Shawn Setaro on Tekashi 6ix9ine (Part Two)

The veteran music journalist discusses his new book about one of the most notorious figures in contemporary hip-hop.

Shawn Setaro on Tekashi 6ix9ine (Part Two)

Veteran music journalist Shawn Setaro is currently a writer/reporter for Complex, where he covers the comings and goings of rap's notable names through articles and original podcast programming there. His forthcoming book is entitled Complex Presents Dummy Boy: Tekashi 6ix9ine And The Nine Trey Gangsta Bloods, due out next month via Kingston Imperial. This conversation, edited for clarity, is the second of a two-part interview discussing the subject of his book. (Read Part One here.)

For decades, you've had these artists who have some connection to the streets and to the gangs that are part of that. But it's not necessarily been, in previous generations, as prevalent in the lyrics or in the imagery. You'd often have to be looking for something in order to really notice it. And there are tons of rap videos where it's the information is there, if you know what to look for.

Jim Jones is an expert on this and provides sort of an excellent foil to Tekashi in this. Jim is someone who is a master at saying things without saying them, saying things and leaving that little bit of plausible deniability, where if you were to ask him, did you mean that? he'd say, what are you talking about? I didn't say that. He's a master at the inference, the nod, both in lyrics and, honestly, in how he talks in interviews and to the media about a lot of this stuff. Seeing that–ten years before Tekashi met them–a lot of these same people were hanging out with Jim Jones in the studio and on records, it was an interesting sort of diptych, two different ways of dealing with gang life, this more standard hip-hop way where it's a wink and a nod.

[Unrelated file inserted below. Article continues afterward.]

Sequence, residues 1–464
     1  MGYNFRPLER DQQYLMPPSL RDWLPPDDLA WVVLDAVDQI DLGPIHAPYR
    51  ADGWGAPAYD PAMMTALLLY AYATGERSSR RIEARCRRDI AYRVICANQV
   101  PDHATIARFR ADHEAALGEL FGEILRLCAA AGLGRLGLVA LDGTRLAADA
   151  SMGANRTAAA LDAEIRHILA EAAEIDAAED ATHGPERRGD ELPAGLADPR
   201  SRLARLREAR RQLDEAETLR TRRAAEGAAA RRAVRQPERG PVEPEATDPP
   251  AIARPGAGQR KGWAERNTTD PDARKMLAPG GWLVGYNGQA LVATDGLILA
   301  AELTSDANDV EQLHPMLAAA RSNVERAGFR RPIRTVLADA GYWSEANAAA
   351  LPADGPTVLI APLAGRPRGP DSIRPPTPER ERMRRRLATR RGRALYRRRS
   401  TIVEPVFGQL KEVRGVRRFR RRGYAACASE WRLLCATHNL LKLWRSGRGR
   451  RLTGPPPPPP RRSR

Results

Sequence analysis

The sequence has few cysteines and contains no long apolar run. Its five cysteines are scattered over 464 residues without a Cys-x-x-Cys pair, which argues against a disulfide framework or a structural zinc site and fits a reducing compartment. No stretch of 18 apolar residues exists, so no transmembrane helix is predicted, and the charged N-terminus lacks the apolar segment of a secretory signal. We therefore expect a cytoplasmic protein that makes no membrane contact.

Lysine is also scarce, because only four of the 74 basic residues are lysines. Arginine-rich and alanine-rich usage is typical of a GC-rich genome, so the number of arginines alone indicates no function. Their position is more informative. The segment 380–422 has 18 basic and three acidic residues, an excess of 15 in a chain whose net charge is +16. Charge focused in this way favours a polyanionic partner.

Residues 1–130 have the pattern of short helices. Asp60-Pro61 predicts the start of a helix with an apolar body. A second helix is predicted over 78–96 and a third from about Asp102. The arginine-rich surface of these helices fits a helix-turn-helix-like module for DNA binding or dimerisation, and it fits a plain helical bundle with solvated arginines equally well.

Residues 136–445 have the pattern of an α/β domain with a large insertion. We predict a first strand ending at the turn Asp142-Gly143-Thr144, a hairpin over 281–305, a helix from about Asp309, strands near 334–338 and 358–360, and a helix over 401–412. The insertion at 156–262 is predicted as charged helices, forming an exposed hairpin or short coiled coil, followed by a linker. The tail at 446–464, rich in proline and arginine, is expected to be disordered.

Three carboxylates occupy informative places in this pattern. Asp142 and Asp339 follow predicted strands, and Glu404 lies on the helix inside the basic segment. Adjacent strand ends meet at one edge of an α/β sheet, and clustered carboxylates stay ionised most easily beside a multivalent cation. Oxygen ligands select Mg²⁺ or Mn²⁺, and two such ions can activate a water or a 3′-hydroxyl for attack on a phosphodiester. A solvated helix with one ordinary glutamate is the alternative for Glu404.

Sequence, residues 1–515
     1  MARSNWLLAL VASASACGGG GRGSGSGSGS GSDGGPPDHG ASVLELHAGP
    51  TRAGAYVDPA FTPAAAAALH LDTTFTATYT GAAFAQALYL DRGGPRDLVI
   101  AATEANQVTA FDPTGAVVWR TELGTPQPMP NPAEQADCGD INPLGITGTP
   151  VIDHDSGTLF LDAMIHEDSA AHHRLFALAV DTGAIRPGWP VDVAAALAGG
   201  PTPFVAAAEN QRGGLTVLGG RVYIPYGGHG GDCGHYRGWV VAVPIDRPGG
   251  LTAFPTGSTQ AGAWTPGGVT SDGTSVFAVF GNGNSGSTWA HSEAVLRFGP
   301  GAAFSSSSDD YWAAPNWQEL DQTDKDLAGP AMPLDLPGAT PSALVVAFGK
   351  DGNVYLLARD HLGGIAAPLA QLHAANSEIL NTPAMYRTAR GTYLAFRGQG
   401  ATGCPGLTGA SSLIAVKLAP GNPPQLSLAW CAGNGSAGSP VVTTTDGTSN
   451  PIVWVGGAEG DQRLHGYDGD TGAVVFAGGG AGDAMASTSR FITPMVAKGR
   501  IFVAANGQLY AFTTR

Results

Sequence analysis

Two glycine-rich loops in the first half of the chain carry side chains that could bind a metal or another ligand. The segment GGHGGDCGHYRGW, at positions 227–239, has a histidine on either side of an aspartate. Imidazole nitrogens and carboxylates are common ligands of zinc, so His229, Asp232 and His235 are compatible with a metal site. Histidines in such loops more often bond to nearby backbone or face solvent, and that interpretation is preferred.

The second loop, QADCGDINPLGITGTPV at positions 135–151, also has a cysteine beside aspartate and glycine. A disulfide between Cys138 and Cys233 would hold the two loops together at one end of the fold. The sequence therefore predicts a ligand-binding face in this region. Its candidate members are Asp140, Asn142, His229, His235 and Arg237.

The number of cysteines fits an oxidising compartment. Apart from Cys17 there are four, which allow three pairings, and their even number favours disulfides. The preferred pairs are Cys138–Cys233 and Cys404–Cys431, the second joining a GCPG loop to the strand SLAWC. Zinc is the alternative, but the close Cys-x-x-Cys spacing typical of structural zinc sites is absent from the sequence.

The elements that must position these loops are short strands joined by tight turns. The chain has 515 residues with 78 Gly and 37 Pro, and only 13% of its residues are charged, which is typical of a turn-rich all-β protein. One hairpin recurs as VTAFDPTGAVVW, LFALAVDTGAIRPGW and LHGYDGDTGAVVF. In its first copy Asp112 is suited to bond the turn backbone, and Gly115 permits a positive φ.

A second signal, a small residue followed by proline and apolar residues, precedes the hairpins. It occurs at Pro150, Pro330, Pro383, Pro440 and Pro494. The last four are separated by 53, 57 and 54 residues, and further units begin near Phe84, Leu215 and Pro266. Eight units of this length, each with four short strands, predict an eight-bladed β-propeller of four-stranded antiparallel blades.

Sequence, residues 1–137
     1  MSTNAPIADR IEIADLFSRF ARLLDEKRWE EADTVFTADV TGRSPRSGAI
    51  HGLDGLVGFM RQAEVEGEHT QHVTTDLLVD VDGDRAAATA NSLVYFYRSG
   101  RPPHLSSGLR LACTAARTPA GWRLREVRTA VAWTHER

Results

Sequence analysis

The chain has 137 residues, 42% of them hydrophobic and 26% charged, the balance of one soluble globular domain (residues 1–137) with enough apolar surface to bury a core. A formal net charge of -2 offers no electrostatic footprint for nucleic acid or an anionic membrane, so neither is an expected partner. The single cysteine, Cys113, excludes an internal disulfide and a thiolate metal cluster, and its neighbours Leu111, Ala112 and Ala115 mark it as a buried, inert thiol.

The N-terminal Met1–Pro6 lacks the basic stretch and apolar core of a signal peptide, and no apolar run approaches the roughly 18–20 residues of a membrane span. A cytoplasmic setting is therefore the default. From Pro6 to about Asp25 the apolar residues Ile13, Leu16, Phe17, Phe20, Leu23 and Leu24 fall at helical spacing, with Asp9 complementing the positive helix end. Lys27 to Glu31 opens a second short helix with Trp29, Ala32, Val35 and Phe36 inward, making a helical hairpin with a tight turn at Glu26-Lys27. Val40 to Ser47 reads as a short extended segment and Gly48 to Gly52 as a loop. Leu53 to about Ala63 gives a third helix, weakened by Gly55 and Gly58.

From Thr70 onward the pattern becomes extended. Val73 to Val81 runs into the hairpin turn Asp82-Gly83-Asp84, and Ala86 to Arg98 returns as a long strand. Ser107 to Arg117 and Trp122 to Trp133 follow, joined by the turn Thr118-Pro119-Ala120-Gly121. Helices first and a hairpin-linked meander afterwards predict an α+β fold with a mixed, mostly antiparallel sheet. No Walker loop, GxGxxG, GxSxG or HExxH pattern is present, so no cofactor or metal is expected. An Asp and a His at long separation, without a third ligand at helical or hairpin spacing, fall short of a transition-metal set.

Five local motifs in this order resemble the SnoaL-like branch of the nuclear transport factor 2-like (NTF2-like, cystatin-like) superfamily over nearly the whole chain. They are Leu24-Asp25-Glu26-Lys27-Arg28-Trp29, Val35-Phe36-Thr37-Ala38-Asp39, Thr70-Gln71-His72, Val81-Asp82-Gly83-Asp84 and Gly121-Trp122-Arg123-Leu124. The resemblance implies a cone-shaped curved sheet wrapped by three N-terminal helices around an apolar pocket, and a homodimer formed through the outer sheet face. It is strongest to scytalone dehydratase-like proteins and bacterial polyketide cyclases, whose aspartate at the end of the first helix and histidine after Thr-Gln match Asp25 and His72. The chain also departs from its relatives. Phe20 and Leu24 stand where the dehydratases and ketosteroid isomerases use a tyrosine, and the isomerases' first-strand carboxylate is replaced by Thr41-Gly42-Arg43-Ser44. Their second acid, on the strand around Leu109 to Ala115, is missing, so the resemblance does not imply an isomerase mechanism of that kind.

In the book, I asked Jim about Mel Murda, who is Jamelle Jones. They share a last name. He says, trying to explain how close they are, he says, we're related. And then he kind of pauses and smiles and he says, we're blood related, punning on the fact that they have the same last name and also saying something else. That's sort of how Jim Jones talks–whereas you have Tekashi. People doubt that he's a gang member, or people doubt that he's like affiliated with Nine Trey. He does a video where he's hanging out with Nine Trey. People questioned him about it. And so then, literally, his second single is about how people don't believe I'm a gang member, but I really am. There's just no artifice. It's literally like, people are saying this, so I'm gonna just say it outright. ‌‌‌‌

There's such a stark difference, I think, with somebody like Jim Jones. They already know about the hip-hop cops, that there are units looking for this stuff to catch you. The way that Tekashi behaved, it can't be in any way surprising that he eventually got caught up in RICO shit. How could he not have? He made it easy for the authorities to do what they're trying to do, which is to shut guys like him down.

‌‌‌‌That was one of the most incredible things about this. One of the driving forces for me was that the crimes were so public and so not hidden. I couldn't believe it. You'd hear like, oh, he filmed a robbery. Okay. And he did it to rub it in the face of not even any of the people he robbed, but someone who maybe was affiliated with someone he robbed, right? That still a little nebulous, but okay, fine. Doing stuff to show you did it on social media is just sort of how gang life is, even on a smaller scale these days. You have to show you did something to your enemies.

But there's a difference between that and doing that in the middle of Times Square, at rush hour on a weekday. No one's wearing masks. No one's trying to disguise themselves. People are holding guns; they're in an office building where there must have been, and in fact were, surveillance cameras. I can't read anyone's minds, but I assume they were banking on like, oh, people are going to be too embarrassed to report this to the police. But the Feds don't care about that. Also they robbed a couple of people who did care and tried to report it. At least one of them attempted to report it to the police, sorta got there too late because the investigation was already in full swing. The crimes were so public and so outrageous, and that definitely was one of the stranger things about all of this. If you're going to shoot at a guy, it's not in some dark corner, it's at the W Hotel in Times Square.

‌‌‌‌It's like, none of us should know that he was going after Chief Keef. The fact that that was information that was widely reported was insane to me, as a hip-hop fan. And you wonder, where are the elders in these situations? Where are the people who help the youngbloods out?‌‌‌‌